Today we’re going to talk about how to organize a mastermind meeting. In episode 21 I talked about the benefits of being in a mastermind group, but setting one up is a totally different story.
- If you’re organizing a mastermind group, the first thing you need to do is recruit the right people and agree on criteria. Then organizing the group is up to you. [01:22]
- The first thing you need to figure out is how long you want the meetings to be. Typically 1-2 hours is good enough. [01:40]
- I’ll walk you through the agenda. [01:49]
- We start with a one-word opening about how we feel to see how everyone in the group is doing and set the tone for the meeting. [02:20]
- Then we do updates, which might take anywhere from 3-5 minutes for each person. Make sure you have a timer for the people who have a tendency to talk over. [02:39]
- As you’re doing this, you might want to put this into a table: the first column has the time limit and the second column has discussion notes. [03:05]
- You can add accountability updates once you start to get a little deeper into the meetings. These are things you tell the group you want to accomplish so they can keep you accountable. If you don’t live up to it, people will call you out for it. Again, this is 3-5 minutes per person. [03:33]
- I recommend the mastermind to be 6-8 people. Beyond that, it starts to drag on and takes forever. [04:07]
- Then talk about the big wins you’ve had: marketing, sales, etc. You can go into your process for a little bit to give others some takeaway value. Besides a win, you could talk about something you’re really struggling with so others can give you advice. [04:17]
- Then people can ask clarifying questions: this is advice-giving time. [05:16]
- Pick one presentation that is urgent from the updates, or from your parking lot. [05:36]
- The parking lot is where people put certain issues or topics they’d like to learn about, and you can pull something out from there. [05:48]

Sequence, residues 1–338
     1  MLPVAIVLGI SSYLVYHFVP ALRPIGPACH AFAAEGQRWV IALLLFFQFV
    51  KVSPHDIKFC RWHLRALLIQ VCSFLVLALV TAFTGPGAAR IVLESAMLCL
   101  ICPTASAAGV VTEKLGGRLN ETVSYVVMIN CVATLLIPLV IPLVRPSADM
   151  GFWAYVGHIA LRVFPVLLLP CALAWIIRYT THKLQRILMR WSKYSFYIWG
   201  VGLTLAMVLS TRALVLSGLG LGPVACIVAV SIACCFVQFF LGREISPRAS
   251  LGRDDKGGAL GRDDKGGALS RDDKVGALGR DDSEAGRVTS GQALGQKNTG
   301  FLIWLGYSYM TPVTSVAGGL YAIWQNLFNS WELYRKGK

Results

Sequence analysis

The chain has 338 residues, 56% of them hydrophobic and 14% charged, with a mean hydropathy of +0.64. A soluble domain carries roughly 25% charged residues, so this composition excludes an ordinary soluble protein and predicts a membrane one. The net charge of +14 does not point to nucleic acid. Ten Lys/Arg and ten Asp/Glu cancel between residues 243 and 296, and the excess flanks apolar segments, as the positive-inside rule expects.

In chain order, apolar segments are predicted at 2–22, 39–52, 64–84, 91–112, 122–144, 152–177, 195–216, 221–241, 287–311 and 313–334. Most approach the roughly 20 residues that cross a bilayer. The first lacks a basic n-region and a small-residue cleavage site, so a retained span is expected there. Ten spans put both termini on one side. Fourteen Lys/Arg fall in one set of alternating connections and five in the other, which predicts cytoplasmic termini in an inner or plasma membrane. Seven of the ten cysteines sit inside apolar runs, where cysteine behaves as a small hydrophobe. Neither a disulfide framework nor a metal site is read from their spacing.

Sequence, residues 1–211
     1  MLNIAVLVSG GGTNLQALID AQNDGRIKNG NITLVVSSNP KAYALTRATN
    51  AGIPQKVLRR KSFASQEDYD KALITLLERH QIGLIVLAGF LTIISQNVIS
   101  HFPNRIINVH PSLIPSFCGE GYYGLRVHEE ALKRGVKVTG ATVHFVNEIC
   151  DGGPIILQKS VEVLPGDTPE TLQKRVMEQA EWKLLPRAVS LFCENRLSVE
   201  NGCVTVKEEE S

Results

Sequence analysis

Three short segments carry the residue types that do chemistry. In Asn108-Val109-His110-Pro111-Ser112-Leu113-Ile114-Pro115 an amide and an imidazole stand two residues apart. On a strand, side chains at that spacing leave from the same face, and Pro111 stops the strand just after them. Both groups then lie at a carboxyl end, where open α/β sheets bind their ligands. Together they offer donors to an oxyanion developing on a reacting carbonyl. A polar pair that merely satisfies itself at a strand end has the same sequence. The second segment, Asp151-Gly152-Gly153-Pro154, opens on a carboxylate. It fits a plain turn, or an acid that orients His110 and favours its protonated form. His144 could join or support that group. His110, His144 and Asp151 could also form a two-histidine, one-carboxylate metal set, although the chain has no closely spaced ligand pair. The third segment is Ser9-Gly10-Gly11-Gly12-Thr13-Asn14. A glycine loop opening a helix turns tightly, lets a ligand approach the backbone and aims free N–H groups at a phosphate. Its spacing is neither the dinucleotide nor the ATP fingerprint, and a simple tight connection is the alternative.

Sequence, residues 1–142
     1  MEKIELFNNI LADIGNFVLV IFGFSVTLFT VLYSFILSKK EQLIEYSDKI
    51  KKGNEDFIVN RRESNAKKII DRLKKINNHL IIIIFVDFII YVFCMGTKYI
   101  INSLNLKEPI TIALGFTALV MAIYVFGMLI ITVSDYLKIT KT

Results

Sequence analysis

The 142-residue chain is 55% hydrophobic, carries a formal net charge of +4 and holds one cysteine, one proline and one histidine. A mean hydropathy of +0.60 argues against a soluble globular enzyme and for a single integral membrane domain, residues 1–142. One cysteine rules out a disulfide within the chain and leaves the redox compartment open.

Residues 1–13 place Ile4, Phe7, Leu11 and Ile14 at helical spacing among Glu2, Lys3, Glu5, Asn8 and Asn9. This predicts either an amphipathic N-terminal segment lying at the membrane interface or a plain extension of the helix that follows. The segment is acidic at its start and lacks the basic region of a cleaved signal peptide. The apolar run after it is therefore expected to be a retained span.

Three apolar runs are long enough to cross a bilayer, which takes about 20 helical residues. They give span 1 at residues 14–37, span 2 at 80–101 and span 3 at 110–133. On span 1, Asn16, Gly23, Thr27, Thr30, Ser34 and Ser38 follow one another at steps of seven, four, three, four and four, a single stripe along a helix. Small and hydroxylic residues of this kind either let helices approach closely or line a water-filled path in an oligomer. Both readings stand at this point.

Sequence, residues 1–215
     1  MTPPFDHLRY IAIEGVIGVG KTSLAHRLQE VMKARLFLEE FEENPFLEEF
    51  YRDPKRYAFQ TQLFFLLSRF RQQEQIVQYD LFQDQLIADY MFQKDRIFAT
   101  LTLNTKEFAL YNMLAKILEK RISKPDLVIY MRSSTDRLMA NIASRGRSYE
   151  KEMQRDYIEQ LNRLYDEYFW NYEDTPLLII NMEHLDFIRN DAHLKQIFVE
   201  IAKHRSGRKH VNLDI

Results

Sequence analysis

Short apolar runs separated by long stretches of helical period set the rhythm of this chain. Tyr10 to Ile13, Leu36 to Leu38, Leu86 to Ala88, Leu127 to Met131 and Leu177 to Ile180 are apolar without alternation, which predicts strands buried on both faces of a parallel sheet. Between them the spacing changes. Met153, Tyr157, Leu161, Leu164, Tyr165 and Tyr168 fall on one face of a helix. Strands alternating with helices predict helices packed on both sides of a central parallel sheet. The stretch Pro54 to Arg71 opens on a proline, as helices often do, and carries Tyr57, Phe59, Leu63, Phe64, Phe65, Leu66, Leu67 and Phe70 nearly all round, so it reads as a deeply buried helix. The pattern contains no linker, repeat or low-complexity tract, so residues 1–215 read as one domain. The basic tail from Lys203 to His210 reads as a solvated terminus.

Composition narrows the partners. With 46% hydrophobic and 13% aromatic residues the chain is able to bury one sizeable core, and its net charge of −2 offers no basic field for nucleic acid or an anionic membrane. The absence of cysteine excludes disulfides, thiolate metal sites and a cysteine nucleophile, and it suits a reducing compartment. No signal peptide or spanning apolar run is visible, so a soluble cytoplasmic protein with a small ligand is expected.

- There’s only one presentation from one person, for 10-15 minutes. After that, the rest of the group can provide advice and feedback for another 10-15 minutes. [05:59]
- If people don’t want advice, you can play the Gestalt role where you share your stories. From these stories, people can figure out the direction they want to go in. [06:14]
- After the presentation, you can take 10-15 minutes for someone to teach something. [06:36]
- If you’re going for two hours, you can stop at the one-hour mark for a 10-minute break so people don’t get burnt out. [06:47]
- Discuss what you’d like to accomplish over the next month and how you’ll get there. Take notes on this for the next meeting’s accountability. [07:25]
- In the last 5-10 minutes, go over housekeeping, organizing the next meeting, or obstacles the group might encounter. [07:00]
- This is a general mastermind schedule you can adapt to your group’s needs. [08:10]
- As the group leader, it’s up to you to hold members accountable for showing up on time, actually coming to meetings, etc. You can set rules so you don’t have to take busyness as an excuse for missing meetings an simultaneously hold up the integrity of the group. [08:23]
Selected Links from this Episode:
- Episode 21: The Benefits of Joining a Mastermind Group
- YPO: Young Presidents’ Organization
- EO: Entrepreneurs’ Organization
Leave some feedback:
- What should I talk about next? Please let me know on Twitter or in the comments below.
- Did you enjoy this episode? If so, leave a short review here.
- Subscribe to Growth Everywhere on iTunes.
- Get the non-iTunes RSS feed
Connect with Eric Siu:
Disclaimer: As with any digital marketing campaign, your individual results may vary.